Sitting by his side in the Scottish hotel, Yvonne savages former Foreign Secretary Philip Hammond as ‘useless’ and denounces Hammond’s successor Boris Johnson, who in the past few days claimed the Foreign Office had been working ‘unstintingly’ behind the scenes.
‘For Boris Johnson to hint that he had some part in their return is the height of hypocrisy,’ she says. ‘I’ve written to him a number of times asking for a meeting and never had a reply. How dare he.’
Without Yvonne and the families of the other men, the six would still be languishing among the 3,000 inmates behind the 20ft concrete walls of the vast Puzhal Central high-security jail. There, in ragged prison clothes, with long hair and unkempt beards, they were forced to share an airless 30ft square cell with a hole in the floor for a toilet. The food came from a rat-infested storeroom.
BRAVE: Billy Irving manages to smile in his ‘hell-hole’ Indian jail
Now, with his hair and beard neatly trimmed, Billy cradles his little son while recalling the turmoil of the past four years.
The drama began with an altogether unremarkable voyage, just one of many for Billy and his colleagues – former British soldiers Nick Dunn, John Armstrong, Nicholas Simpson, Ray Tindall and Paul Towers – which prompted a nightmare they could never have imagined.
The men, working for a US maritime security firm, were on the MV Seaman Guard Ohio in October 2013, heading through the Indian Ocean to Sri Lanka, from where Billy was due to fly home for a month’s leave. They were working legitimately for the American maritime security firm AdvanFort, escorting commercial freighters through dangerous waters – in this case, an area of the Indian Ocean infested with Somali pirates. They had the relevant permits and paperwork, issued by the British Government.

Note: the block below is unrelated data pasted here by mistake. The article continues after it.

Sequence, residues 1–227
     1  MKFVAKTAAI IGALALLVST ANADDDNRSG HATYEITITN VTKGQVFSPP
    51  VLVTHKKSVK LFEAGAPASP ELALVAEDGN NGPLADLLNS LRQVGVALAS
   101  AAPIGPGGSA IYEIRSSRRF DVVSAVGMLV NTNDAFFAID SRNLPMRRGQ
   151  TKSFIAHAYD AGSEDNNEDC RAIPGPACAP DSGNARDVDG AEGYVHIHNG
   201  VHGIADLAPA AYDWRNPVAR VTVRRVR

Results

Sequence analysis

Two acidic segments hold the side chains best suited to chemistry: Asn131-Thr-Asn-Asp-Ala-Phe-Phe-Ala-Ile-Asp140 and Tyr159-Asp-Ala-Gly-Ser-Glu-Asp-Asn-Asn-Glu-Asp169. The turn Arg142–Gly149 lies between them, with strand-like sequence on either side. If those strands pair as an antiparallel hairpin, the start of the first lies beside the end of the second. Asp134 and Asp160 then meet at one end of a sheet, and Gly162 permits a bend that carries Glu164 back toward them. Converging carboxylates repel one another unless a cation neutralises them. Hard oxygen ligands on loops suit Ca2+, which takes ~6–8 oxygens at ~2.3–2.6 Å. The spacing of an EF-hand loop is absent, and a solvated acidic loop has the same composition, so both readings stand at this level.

Billy says: ‘With our military backgrounds, we took our responsibilities very seriously.
‘If a pirate vessel got within 500 metres of a ship we were escorting, we would zig-zag the ship to create choppier conditions or use water hoses as deterrents. If that failed, we would hold our weapons up to show we were armed.’
In truth, Billy had become rather bored with his job, his thoughts focused on reuniting with Yvonne.
The crew maintain their course was steady, that they never left international waters.
But then disaster struck. The Indian coastguard boarded the vessel, claiming it had strayed 1.2 nautical miles into their territory.
(From left) Mr Simpson, Paul Towers, 52, Mr Tindall and Billy Irving were all working for US marine company AdvanFort when they were arrested in 2013
The entire crew, including Estonian, Ukranian and Indian nationals, were arrested on charges of possessing illegal weapons – there were 35 assault rifles and 5,000 rounds of ammunition in the ship’s armoury – and they were portrayed as foreign spies sent to blow up power stations, or of being pirate-hunter mercenaries.